Published Feb 01, 2006Eve (Phoebe Jojo Kut) is a precocious nine-year-old growing up in mid-'70s Vancouver. She was born in the Chinese Year of the Fire Horse, which is infamous for producing rabble-rousing kids. And Eve is no exception; she nearly sets a church on fire and imagines Buddha and Christ dancing in her living room.
To be fair, the world around her is troublesome. Her mother (Vivian Wu of The Last Emperor) miscarries and Eve's beloved grandmother passes away. Eve is forced to grow up quickly and learns to accept life's little joys as precious gifts, like the sedan her father, an immigrant cook slaving away in a restaurant, wins by scratching a lottery ticket. When her older sister, Karena (Hollie Lo), embraces Christianity, Eve follows her to Sunday school and joins her in daily prayers. On the flipside, Eve also bears the weight of her Biblical name, which she equates with sin and guilt.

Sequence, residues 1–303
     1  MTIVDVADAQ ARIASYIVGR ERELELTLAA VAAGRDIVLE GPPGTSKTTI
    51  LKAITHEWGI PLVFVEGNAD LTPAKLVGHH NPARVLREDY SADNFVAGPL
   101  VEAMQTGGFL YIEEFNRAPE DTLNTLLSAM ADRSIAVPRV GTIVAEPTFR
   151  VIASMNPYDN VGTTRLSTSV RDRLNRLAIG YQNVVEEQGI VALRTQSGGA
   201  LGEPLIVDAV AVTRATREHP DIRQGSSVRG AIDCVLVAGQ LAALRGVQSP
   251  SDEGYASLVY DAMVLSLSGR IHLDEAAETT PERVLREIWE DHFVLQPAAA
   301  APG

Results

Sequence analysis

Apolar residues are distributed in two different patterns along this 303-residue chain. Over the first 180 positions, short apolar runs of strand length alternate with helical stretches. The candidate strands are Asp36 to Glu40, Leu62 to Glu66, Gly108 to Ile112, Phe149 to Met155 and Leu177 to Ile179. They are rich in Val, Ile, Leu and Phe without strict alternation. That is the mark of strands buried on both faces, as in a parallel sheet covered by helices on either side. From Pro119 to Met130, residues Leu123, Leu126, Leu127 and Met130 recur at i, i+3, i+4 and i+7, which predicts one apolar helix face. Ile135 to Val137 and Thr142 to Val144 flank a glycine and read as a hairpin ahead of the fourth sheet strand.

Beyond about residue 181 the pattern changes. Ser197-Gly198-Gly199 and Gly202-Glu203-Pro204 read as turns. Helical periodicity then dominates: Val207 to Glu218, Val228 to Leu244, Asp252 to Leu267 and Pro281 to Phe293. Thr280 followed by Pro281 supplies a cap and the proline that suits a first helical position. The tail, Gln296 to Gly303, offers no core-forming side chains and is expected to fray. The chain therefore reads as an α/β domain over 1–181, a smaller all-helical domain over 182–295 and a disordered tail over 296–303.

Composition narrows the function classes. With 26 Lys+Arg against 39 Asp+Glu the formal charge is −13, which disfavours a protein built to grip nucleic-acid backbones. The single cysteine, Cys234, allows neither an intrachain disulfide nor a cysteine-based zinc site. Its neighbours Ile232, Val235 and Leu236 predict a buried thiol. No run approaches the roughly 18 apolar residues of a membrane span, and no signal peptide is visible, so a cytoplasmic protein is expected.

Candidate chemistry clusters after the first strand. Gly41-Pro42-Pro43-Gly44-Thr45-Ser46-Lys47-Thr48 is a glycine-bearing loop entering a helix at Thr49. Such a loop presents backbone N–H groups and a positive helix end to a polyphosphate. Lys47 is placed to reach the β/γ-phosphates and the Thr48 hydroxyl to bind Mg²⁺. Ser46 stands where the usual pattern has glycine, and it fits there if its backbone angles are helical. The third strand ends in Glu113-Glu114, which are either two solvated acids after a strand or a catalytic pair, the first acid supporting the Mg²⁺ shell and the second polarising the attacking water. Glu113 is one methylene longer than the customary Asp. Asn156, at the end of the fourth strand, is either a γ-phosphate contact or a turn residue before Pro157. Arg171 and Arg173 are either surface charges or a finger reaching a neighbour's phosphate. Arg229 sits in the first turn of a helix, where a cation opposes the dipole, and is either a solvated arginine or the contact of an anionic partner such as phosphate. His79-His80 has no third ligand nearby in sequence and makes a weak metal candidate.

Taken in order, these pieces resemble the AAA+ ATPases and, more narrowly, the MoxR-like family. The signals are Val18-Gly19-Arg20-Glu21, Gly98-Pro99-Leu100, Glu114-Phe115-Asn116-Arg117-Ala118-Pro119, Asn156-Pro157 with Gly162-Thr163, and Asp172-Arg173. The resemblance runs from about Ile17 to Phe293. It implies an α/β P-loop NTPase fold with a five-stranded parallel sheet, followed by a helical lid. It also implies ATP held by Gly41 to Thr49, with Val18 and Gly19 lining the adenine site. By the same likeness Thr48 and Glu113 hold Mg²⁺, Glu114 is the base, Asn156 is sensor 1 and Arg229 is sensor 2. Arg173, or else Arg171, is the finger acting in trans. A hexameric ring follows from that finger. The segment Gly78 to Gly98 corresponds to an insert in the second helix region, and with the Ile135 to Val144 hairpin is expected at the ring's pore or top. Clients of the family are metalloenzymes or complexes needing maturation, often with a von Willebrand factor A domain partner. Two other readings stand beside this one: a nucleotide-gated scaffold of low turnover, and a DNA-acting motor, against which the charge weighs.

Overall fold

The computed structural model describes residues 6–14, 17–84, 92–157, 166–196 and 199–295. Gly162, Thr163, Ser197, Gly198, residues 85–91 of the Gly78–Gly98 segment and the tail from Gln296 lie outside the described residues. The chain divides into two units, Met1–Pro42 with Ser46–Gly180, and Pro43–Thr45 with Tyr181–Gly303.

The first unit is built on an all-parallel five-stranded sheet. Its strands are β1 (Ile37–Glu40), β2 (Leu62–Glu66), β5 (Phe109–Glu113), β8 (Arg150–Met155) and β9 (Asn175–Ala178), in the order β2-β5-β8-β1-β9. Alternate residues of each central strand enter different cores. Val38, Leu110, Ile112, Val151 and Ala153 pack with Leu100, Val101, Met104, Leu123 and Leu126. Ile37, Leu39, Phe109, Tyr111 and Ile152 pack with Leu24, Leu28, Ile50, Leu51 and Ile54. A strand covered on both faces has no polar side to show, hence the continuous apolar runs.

First-time director Kwan has created an ambitious but uneven work. Though she wrote an award-winning script, the finished film feels like a series of childhood vignettes strung together by narrator Eve. The first half of the film is the strongest, as Eve's close relationship with her grandmother rings true and her sorrow touches us. In the background, her mother May-Ling struggles with depression following her miscarriage, which is starkly presented here. Overall, Chan Chit Man Lester stands out in his performance as her father.
However, the film loses direction and speed as it delves into the Christian story. There seems to be no point to her religious conversion, and her parents offer no opposition to her faith, which robs the film of conflict.
Renowned for a string of acclaimed short films, Kwan effectively creates atmosphere, taking us into Eve's dream world through fantasy sequences that sometimes lapse into whimsy, sometimes charm. This film is a decent debut but it works episodically, not as a whole. (Mongrel Media)